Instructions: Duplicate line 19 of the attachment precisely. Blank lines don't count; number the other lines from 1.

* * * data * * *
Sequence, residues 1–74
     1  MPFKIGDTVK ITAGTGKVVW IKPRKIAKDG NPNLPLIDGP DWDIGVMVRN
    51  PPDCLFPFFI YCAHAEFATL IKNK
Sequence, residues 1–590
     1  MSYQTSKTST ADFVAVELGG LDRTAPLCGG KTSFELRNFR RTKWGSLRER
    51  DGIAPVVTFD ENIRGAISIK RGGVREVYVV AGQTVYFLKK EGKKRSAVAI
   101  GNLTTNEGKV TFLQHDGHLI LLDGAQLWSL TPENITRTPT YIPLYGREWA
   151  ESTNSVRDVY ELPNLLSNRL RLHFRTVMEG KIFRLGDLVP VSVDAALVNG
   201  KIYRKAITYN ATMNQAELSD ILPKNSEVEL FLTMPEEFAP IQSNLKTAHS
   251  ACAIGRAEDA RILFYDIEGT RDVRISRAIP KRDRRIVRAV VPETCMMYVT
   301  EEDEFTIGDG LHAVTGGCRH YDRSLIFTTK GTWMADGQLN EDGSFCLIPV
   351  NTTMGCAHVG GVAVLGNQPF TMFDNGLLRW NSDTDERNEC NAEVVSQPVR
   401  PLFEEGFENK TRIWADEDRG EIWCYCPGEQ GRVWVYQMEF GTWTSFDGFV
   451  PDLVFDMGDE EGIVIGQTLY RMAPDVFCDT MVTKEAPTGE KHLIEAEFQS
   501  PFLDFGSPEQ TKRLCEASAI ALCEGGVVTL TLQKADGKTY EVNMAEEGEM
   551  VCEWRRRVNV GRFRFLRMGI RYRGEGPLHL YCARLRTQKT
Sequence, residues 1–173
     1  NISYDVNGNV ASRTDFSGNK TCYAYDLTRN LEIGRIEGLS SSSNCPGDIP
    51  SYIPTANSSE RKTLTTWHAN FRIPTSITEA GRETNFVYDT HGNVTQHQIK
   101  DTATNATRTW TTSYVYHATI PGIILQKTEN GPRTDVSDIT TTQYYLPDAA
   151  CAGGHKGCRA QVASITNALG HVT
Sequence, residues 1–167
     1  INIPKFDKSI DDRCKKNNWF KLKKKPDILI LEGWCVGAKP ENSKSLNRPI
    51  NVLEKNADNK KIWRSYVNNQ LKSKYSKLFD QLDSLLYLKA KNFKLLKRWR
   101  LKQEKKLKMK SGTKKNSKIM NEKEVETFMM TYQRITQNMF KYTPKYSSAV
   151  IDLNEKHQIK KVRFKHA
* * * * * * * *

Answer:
    51  SYIPTANSSE RKTLTTWHAN FRIPTSITEA GRETNFVYDT HGNVTQHQIK